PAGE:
The longer answer is much more complicated, as is this whole dance of living within and even enjoying a culture with which I want my children to learn to engage critically. I will continue addressing this in dribs and drabs. (Stay tuned for "How I Learned to Stop Worrying and Love Princesses.")

Thursday, November 11, 2010

Adventures in kinda sorta gender neutralish parenting, episode 346

Getting dressed this morning Z was trying to decide between the brown BFF t-shirt she inherited, I think, from Lily or maybe Makayla, or the pink super-80s (or is it 90s?) Barbie t-shirt that came in the great stream of hand-me-downs from Rachel C., one of my grad school profs. Z looked at them and realized the Barbie shirt is at long last too small. She handed it to me to put in the give-away bag.

Oh so pretty ... but in an 80s way or 90s? (answer revealed below)

But wait, I thought ... Z's too-smalls always get offered to O. This is why my boy proudly sports striped purple leggings, and it makes me happy. It helps that he has a strong sense of personal style (Michael C. was his fave on PR8, he would want you to know).

We have a saying in this house that "There aren't girl things or boy things. There are just people things." Of course, the rest of the world doesn't really get this concept ... those pure-pink and black & red battle-game-du-jour aisles at the toy store are hard to argue against, but I try.

This is partly an ideological decision. But it springs from my own experiences as a child. My best friend was a boy. We played football and Barbie together, watched Charlie's Angels and Battlestar Galactica. A man outside the A&P once asked long-haired Tim, "What's your name, little girl?" then took a look at me - grubby, chop-haired and shirtless - and told me "to be a good boy." We laughed about that for days.

I got older and girlier, but I have always retained a basic sense of androgyny. I wish to pass this on to my kids, because I want them to know it is OK to be whoever they are, however they are, in whatever clothes they like best. (We are after all, Free to Be ... You and Me ... bald as ping pong balls, knowing its all right to cry, with our dolls, and our people mommies, and all.)

So, I dithered for a moment ... O isn't going to want this t-shirt; it's too-too girlie, for real ... wait a second, shouldn't he make that decision? ... and back and forth.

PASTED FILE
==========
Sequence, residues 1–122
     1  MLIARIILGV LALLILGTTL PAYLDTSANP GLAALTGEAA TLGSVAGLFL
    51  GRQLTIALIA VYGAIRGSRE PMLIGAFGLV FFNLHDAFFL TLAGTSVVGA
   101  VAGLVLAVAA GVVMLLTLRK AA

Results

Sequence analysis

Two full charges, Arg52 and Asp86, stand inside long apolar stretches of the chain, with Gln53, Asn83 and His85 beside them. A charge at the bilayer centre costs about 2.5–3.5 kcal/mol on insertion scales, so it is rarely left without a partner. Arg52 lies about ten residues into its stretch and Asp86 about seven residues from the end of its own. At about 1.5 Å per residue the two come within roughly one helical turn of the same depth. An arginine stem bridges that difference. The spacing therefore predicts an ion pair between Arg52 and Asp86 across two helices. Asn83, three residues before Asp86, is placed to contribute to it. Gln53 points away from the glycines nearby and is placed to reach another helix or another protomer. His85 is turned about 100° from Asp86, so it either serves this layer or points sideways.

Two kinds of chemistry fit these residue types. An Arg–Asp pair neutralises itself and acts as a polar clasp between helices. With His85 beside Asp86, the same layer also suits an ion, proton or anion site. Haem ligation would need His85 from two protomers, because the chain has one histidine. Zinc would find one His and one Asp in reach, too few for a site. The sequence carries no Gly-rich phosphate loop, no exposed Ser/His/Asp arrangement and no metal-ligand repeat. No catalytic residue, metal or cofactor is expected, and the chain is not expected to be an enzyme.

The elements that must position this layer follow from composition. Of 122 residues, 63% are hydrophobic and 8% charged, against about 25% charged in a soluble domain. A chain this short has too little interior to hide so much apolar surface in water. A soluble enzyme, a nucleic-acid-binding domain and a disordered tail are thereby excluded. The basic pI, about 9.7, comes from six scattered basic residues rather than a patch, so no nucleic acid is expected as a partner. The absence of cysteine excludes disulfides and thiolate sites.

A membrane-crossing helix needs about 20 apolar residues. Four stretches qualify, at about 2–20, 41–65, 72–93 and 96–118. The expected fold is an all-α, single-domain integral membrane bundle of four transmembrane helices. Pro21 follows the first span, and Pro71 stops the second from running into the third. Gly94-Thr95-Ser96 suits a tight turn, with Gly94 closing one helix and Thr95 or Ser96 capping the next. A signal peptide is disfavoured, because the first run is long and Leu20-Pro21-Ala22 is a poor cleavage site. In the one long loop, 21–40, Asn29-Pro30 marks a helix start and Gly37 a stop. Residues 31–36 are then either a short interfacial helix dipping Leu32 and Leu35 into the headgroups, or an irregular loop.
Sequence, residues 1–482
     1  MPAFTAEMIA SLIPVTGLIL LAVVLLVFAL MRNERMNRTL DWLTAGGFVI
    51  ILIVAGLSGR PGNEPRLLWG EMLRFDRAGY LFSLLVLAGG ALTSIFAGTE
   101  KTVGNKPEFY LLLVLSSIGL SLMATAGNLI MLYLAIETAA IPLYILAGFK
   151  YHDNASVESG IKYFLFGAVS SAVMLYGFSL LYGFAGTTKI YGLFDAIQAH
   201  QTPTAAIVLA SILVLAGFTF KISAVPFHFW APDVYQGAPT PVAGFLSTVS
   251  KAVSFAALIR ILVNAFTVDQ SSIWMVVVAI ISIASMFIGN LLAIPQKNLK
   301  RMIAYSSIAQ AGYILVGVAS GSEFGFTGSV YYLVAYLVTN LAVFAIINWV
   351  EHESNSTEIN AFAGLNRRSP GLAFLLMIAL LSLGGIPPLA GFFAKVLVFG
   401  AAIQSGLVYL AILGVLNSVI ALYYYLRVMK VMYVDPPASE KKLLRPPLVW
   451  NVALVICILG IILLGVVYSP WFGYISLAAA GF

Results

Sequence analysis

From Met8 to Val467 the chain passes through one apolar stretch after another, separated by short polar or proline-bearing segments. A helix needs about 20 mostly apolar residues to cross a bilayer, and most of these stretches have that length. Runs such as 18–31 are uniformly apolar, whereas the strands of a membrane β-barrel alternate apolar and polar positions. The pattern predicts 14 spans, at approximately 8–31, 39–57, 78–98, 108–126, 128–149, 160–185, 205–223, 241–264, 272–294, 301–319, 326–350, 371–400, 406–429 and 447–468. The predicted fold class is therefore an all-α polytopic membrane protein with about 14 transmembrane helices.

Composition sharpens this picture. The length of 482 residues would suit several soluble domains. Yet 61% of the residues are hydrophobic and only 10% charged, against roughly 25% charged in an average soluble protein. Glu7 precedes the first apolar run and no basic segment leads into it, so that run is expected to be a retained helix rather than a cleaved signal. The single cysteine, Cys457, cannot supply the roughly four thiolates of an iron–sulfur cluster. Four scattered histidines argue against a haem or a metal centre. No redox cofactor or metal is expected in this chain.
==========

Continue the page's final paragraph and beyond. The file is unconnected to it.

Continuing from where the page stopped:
Finally I walked into his room with the shirt. "Do you want this shirt?" I asked.

"Mmmmm," he considered it with his head tilted and his face scrunched up. "Well, I don't want to wear it as an outside shirt ... "

"OK," I said, and started to back out of the room.

"But I do like it," he added emphatically.

"Should we just keep it for a pj shirt?" I asked.

"Yeah," he said, nodding. "Yeah, yeah. Put it in my pj drawer."

So I did.

I wonder, what is the perceived moral of this story? It's OK to be girlie, as long as you keep it, you know ... in a drawer ... or some other closed, dark clothes-storage area? Or, more hopefully ...  It is important to dress appropriately for the occasion, and sometimes the relaxing occasion is going to call for a pink Barbie T, so it's good to have one on hand?


OMG! This shirt is 20 years old!

In other news, I heard Loretta Lynn tell Terry Gross last night that she is still, after a stellar 50-year career, not really sure if she is a good singer. This made me sad and hopeful all at one time. #neuroticartistsunite

Friday, November 5, 2010

trinket box

Not a particularly shiny week in America, if I do say so myself, still a few things have inspired me. (I don't have time to go into detail. My friend Cara says "the novel always wins," which means I need to be over there instead of over here.)

+ First, Franzen ... I have a big chip on my shoulder when it comes to Jonathan Franzen. Read The Corrections, found it wanting, resented the hype. What does the hype have to do with me, you ask? Nothing. But I guess I need something on which to focus my writerly longing, envy, and bitterness. (I used to feel this way about Joyce Carol Oates, but I've mellowed on her.) Not particularly productive, but there you have it. So I've walked around for 9 years hating Jonathan Franzen, so much so that knowing he was friends with David Foster Wallace tainted my devoted, frustrated adoration for the latter.Have I written a novel in the last 9 years to counter Franzen? No. Cara is right. That is where I need to be, in the novel writing room.

Yet, I heard a snippet of an interview with him on the radio this week, and before I knew it was him I found myself nodding in agreement at the steering wheel. My friend Halle said he as so depressive, and maybe in the larger interview he is, but I like what he had to say about writing from what is hot in him, the issues he still needs to figure out, and about trying to write the unsayable. The full interview is on the WCPN site here.

+ Another moment of radio inspiration was listening to a story about the singer Buika. She grew up in Mallorca, the daughter of African immigrants. 1. Her voice is amazing. Listen: